Douglas Hoy
Contributing Writer

(Photos Provided)


Try to just imagine; over 20 million dead. Do you remember this number?. Do you know where it comes from or what it represents? The number is as real as the blood that was shed, as the lives lost. The love ones carried on. Difficult, heart wrenching, missing their love ones. You, I, and most of us have, if not forgotten, never give it any more than a casual concern. I am talking about the war to end all wars. Lofty statement and ideals, but far from reality. This was World War I, and yes, I am sure you never give a thought. No, not any longer.
But a man named Keith Colley in Oklahoma has not forgotten. He was brought to this eye-opening reality in a most unusual way. But you see Keith is a most unique and unusual man. He came to the cause of letting, not making, the country remember the sacrifices, the losses, suffered over 100 years ago. Back then almost every family was affected. In some way, it was everyone’s personal tragedy.
Keith went to Sri Lanka to work as a grief counselor after their tragedy. This was not only his training but his empathetic makeup. He simply wanted to help. So, he stayed on. He counseled, he listened and shared the grief of the individual. Later he returned home working as a bereavement counselor for Hospice. To compliment his vocation, he specialized in working with Alzheimer and Dementia patients.
Speaking with a particular WWII individual suffering from Alzheimer’s, Keith was looking for a way to make a connection with the man. This vet kept drifting back to conversations he had with his father who had served and fought in WWI. Keith had an idea. He brought to his WWII patient a shovel from WWI and placed it into his hands. The man’s eyes not only lit up but so did his attitude. He began recalling the actual, completely lost and forgotten, conversations he had with his WWI father so long ago. The veteran, all of a sudden, blurted out one of his dad’s favorites saying about the shovel. In WWI “If I wasn’t shoveling, I was shooting; if I wasn’t shooting, I was shoveling.” This is what, for many, is what WWI simply boiled down to. Keith, with one single gesture, opened up this man’s memory not only to the war but to his personal life, to his father!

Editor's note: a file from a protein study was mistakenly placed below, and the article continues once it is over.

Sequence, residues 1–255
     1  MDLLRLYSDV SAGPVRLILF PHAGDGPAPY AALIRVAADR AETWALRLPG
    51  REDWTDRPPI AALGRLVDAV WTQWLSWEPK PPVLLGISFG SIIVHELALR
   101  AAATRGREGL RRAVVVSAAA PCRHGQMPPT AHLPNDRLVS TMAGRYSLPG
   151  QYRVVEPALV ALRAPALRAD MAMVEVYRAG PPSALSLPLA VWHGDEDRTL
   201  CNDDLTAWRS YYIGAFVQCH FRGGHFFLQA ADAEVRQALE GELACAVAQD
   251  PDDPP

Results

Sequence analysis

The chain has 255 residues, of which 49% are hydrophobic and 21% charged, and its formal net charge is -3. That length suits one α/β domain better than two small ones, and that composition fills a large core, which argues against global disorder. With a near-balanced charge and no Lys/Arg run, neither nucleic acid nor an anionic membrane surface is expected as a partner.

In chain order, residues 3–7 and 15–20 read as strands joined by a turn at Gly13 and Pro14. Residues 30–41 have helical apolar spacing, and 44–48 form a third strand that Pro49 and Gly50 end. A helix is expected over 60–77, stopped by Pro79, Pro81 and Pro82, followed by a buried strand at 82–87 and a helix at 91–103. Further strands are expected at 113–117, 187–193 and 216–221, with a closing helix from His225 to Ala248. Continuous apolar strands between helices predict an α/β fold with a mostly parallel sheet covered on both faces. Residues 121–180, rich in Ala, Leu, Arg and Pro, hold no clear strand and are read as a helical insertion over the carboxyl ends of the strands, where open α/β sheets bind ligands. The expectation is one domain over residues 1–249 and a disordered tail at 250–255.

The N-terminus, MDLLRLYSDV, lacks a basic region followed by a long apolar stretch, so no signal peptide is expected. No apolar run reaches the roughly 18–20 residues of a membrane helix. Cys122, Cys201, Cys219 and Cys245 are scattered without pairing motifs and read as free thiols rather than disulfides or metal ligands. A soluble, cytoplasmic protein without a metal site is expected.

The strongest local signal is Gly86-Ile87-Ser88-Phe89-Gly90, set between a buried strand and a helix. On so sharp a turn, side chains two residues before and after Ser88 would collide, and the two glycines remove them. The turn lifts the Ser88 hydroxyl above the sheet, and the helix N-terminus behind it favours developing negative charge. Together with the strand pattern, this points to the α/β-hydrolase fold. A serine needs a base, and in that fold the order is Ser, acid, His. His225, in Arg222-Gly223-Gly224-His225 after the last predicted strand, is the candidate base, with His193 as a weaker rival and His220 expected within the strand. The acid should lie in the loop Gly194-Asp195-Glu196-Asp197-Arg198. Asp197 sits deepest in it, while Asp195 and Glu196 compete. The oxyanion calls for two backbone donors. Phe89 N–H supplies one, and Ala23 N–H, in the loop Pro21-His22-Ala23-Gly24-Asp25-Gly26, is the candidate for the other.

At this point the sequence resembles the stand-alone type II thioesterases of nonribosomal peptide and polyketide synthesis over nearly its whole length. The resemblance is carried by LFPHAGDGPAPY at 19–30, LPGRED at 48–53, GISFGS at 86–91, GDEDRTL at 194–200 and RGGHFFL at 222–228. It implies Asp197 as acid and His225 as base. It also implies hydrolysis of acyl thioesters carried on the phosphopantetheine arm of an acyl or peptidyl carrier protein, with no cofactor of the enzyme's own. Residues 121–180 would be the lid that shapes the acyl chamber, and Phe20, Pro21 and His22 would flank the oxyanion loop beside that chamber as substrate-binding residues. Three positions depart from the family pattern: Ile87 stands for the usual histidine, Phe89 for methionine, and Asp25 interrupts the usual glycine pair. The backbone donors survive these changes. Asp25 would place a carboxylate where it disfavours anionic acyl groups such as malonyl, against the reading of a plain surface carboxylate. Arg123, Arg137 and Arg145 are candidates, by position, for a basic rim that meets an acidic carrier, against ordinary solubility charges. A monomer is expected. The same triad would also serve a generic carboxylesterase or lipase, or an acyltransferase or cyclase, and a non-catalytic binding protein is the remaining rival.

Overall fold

Keith just got his message, Keith had his calling, Keith knew what he was destined to do. Hence, more than ten years ago, was born the idea for Awakening the Mind, the WWI Traveling Memorial. A memorial brought to one and all by contributions and private donations. And yes, sometimes that gets a bit thin.
Paul Bach, a dedicated history teacher at Potterville High School, heard of Keith and his mission. Upon the exchange of a few texts an agreement was reached. Keith would pack up his entire traveling museum, located in Oklahoma, and bring it to Potterville. This is not unusual, just sort of special. Keith normally does over 220 shows per year. But COVID basically canceled all his activities. Needing to get back on the road with his display, the contact from Paul Bach was just in time.
This traveling museum, magnificent beyond description for WWI enthusiasts, will be arriving in Potterville, at their high school and will be available for viewing on April 18 & 19. There you will discover, maybe rediscover, items and memorabilia from that horrid, modern war over 100 years ago.
It was said over 27,000 miles of trenches were dug during the war. Every foot of these trenches was filled with someone’s stories, someone’s agonies, and death – which, as it was once proclaimed, would never happen again. Come, have your own Awakening, so just maybe it won’t.